Brandon Borzelli’s Geek Goggle Reviews
Batman Unseen #1 of 5
Moench & Jones
Here we have yet another Batman mini series which happens to contain its own level of appeal because of the creative team. No, it’s not Kevin Smith or Neil Gaiman, but with Doug Moench and Kelley Jones. For the uninformed this a 1990s Batman tandem that resided over some of the more high profile Batman stories during that decade. Here they get a chance to tell a lost Batman tale.
The draw here is the artwork. For those who are not familiar with Kelley Jones’ rendition of Batman, he likes to draw long ears, lengthy, jagged capes and exaggerated, pointy features. It’s a style that some find repulsive, but if you like your Batman to be frightening and nasty then this is the artist for you. This particular issue finds a new dimension to his artwork as the tone, colors and expressions have a Mike Mignola feel to them. The comic has characters that look as though they belong in the pages of Hellboy with their vacant eyes and sullen expressions. I found the artwork to be excellent and I was particularly impressed with how the style has evolved since the days of Batman #511 in the early to mid 1990s. The one aspect of the art that I was a little disappointed with was that Batman didn’t snarl nearly enough for my liking.
The story is mostly setup but told in multiple mini chapters. Batman finds his intimidation tactics to not be working as well as they previously had been. Meanwhile, a scientist finds some employment with a faceless individual to continue his mad scientist ways. During this time, the scientist begins to perfect a formula that turns a person invisible.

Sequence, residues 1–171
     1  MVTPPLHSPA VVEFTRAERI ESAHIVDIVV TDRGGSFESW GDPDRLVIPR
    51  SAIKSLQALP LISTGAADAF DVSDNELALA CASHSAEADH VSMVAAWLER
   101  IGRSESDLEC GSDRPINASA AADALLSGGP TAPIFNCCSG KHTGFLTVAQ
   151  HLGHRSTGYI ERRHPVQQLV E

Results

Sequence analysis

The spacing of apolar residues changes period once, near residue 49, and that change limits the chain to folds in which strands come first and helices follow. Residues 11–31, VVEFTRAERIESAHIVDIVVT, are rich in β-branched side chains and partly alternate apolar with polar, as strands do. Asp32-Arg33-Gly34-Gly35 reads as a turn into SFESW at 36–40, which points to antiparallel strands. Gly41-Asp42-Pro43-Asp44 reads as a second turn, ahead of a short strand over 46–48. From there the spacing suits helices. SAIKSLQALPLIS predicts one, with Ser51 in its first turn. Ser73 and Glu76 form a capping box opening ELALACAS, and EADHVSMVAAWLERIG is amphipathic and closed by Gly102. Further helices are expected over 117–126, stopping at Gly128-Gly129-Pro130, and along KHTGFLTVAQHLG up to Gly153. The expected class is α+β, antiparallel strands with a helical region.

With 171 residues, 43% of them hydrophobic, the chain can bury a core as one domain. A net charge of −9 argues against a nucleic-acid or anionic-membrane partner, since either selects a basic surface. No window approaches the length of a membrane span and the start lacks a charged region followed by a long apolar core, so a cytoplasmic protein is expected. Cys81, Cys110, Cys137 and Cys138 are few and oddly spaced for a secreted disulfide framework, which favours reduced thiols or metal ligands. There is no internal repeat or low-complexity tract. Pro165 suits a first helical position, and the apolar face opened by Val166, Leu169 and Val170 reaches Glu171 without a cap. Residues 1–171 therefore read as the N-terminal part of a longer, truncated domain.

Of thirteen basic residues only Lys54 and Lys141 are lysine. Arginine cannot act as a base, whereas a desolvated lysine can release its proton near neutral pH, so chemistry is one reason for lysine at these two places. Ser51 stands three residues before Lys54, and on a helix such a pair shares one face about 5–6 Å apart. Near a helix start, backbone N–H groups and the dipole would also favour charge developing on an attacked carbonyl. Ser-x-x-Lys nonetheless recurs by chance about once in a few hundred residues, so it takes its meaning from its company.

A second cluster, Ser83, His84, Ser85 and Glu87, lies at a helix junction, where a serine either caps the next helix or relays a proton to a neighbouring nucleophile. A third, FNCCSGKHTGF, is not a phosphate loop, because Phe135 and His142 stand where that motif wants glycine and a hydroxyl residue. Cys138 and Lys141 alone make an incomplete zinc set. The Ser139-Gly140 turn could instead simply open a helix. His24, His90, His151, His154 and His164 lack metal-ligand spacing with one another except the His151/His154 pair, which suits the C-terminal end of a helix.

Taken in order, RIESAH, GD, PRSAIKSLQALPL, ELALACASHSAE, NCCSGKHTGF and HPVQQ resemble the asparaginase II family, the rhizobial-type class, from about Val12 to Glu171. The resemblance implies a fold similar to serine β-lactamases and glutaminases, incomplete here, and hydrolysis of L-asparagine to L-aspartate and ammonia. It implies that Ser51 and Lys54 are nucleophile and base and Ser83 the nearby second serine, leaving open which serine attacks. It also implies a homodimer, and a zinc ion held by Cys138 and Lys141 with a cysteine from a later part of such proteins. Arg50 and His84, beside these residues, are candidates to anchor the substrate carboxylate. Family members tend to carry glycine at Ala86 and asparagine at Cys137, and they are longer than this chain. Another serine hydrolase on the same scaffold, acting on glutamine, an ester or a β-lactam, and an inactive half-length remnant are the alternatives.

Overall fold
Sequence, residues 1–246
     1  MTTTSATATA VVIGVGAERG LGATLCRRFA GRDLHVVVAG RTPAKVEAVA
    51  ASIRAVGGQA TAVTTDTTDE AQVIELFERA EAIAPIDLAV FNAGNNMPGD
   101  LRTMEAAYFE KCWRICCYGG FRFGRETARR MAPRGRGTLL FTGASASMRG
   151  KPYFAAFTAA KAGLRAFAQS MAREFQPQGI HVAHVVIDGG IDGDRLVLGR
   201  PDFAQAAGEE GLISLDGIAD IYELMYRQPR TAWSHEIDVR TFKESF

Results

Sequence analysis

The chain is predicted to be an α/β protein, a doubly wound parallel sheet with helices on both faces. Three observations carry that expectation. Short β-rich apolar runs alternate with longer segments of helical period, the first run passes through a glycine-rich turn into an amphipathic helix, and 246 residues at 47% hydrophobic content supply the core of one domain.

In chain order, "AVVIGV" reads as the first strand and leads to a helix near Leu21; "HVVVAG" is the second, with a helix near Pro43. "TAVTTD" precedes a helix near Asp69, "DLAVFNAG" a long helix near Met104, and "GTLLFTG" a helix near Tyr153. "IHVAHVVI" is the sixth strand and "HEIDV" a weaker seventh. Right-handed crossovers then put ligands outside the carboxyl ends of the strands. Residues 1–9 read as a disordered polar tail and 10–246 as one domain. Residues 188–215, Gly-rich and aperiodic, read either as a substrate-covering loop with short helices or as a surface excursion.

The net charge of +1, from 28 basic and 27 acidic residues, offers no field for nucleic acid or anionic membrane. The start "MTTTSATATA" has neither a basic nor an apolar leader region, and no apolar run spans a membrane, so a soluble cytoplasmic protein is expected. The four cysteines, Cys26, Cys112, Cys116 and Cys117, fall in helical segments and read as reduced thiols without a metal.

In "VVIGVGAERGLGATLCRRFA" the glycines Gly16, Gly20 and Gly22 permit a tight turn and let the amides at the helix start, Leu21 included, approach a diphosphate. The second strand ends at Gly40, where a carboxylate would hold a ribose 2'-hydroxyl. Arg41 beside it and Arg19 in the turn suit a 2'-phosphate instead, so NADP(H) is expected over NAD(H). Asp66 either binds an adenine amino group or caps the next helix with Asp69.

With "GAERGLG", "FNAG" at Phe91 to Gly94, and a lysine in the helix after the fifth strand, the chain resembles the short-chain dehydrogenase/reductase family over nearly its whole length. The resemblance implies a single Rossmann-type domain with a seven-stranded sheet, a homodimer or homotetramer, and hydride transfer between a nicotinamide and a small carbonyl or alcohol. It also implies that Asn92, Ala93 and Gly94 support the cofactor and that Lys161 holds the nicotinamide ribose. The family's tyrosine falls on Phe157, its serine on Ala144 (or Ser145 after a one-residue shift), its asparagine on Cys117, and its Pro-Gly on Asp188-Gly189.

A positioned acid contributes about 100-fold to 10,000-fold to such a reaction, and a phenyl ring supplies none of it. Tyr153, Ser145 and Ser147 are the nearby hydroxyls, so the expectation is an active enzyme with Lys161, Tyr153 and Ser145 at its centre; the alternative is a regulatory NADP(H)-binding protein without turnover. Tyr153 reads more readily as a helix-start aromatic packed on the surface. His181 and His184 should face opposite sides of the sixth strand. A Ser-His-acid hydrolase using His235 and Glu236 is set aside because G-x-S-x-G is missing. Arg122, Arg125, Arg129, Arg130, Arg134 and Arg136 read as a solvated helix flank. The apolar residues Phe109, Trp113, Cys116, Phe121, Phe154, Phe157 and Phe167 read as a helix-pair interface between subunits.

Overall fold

Batman mostly deals with low level crooks in this issue but he does find himself coming upon the case of the invisible man running around committing crimes in Gotham during various stages of invisibility. The overall master plot isn’t quite revealed here but there are layers to this story as the invisible man has his own separate agenda from that of his boss and his group of hoods.
The comic captures some great interactions between Batman and Alfred as well as Batman and Gordon. The villains in the issue have time to establish themselves as well. The story gets off on the right foot and promises to tell an interesting tale that could fit just about anywhere in Batman’s continuity. The comic has some action as Batman beats up some nobodies and it provides some level of shock as the reader witnesses the layers of the human body as they become invisible.
Ultimately this comic book has a niche audience. Those that collect every single Batman comic will be picking this one up. As will fans of the creative team and fans of the 1990s comic book stories. However, this story sets up an interesting story that could have done just fine in the regular Batman titles if Bruce Wayne were still around. It’s definitely worth checking out if you have some wiggle room in your budget.
3.5 out of 5 geek goggles